Family and children

Domestic abuse victims’ rights protected through strategic litigation

A High Court ruling yesterday means victims of domestic abuse who jointly own property with their abuser must not be automatically denied legal aid on the grounds of capital that is in practice ‘trapped’. The court found the Legal Aid Agency (LAA) has discretion over whether legal aid should be granted in these cases.

We supported this strategic litigation brought by Public Law Project (PLP) with an adverse costs indemnity. Access to Justice committee member Jenny Beck represented the client, ‘Claire’, pro bono for two years up to today.

‘Claire’ said: “This ruling could mean I won’t have to face my abuser in court without being represented. The last time I had to face him in court was horrendous. I had to speak for myself whilst he was there with a barrister. I was so nervous and scared that I was physically sick in the court room. My mum has already taken out so many loans to help me through this so hopefully she won’t have to do that anymore. We still have a long way to go with our legal challenges, but this ruling gives me some peace of mind. If it means that other women won’t have to face their abusers in court, that will be amazing.”

Law Society of England and Wales president David Greene said: “The Law Society is proud to have supported this challenge which raises issues of huge importance for access to justice for the most vulnerable. There was a clear injustice in denying victims of domestic abuse legal aid on the grounds of property they co-own with their abuser. Today’s judgment provides important clarification for victims of domestic abuse and we hope it will give more people confidence that they can secure the legal support they need to leave an abusive relationship and deal with the consequences.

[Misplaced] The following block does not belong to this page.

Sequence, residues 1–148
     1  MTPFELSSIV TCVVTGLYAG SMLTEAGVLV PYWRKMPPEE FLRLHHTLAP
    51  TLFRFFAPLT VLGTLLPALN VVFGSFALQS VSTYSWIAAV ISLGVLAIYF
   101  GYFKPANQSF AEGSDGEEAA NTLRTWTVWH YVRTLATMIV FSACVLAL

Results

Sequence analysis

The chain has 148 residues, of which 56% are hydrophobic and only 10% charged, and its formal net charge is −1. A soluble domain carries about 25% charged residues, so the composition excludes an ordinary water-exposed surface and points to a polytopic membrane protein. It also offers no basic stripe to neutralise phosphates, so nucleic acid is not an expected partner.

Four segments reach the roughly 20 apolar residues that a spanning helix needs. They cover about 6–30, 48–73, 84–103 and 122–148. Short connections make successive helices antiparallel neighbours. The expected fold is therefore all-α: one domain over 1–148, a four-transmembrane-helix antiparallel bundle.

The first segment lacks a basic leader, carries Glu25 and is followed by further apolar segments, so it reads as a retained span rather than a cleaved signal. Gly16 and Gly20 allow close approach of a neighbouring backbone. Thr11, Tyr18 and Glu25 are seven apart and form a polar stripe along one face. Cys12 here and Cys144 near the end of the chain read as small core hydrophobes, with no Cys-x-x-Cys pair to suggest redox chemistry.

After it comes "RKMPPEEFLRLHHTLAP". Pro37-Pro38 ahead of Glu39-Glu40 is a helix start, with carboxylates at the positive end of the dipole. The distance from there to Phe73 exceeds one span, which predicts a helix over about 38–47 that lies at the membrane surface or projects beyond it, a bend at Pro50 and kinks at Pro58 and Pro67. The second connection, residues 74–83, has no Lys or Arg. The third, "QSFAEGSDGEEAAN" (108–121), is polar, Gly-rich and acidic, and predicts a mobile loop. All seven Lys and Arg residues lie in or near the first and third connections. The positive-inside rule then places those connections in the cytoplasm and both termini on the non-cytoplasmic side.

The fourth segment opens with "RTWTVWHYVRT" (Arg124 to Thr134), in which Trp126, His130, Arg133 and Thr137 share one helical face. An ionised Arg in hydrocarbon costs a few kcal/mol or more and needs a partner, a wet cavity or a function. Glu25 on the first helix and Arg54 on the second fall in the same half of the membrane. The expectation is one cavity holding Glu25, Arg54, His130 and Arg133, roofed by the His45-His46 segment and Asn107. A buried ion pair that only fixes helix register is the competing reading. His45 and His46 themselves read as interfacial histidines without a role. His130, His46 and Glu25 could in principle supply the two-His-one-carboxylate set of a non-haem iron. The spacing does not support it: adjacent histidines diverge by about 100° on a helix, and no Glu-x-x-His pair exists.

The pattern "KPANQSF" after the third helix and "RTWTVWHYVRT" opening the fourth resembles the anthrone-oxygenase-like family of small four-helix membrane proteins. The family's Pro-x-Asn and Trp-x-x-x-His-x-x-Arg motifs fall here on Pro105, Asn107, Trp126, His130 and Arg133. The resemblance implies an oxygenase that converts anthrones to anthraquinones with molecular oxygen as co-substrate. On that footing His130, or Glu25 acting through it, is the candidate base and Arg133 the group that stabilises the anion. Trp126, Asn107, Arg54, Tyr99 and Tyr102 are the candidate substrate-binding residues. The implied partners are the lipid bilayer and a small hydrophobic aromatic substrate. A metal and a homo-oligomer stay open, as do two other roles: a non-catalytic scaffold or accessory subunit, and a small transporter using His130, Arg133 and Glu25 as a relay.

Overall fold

“This is one of a number of cases we are working on with the Public Law Project. The Law Society engages in strategic litigation when a strong case promotes justice, where a judgment would provide clarity and have broad consequences beyond the individual case.”

PLP said: “Without the Law Society’s support, it would simply not have been possible for us to bring this case on behalf of our client. The profession’s commitment to widening access to justice is vital to achieving that goal.

“The news means a great deal to our client. The decision to deny her legal aid will now need to be reconsidered. This judgment is an important clarification of what the legal aid rules mean, and that is a positive step towards better access to justice for our client and for other women in a similar situation.

“Thank you Law Society!”

Maximise your Law Society membership with My LS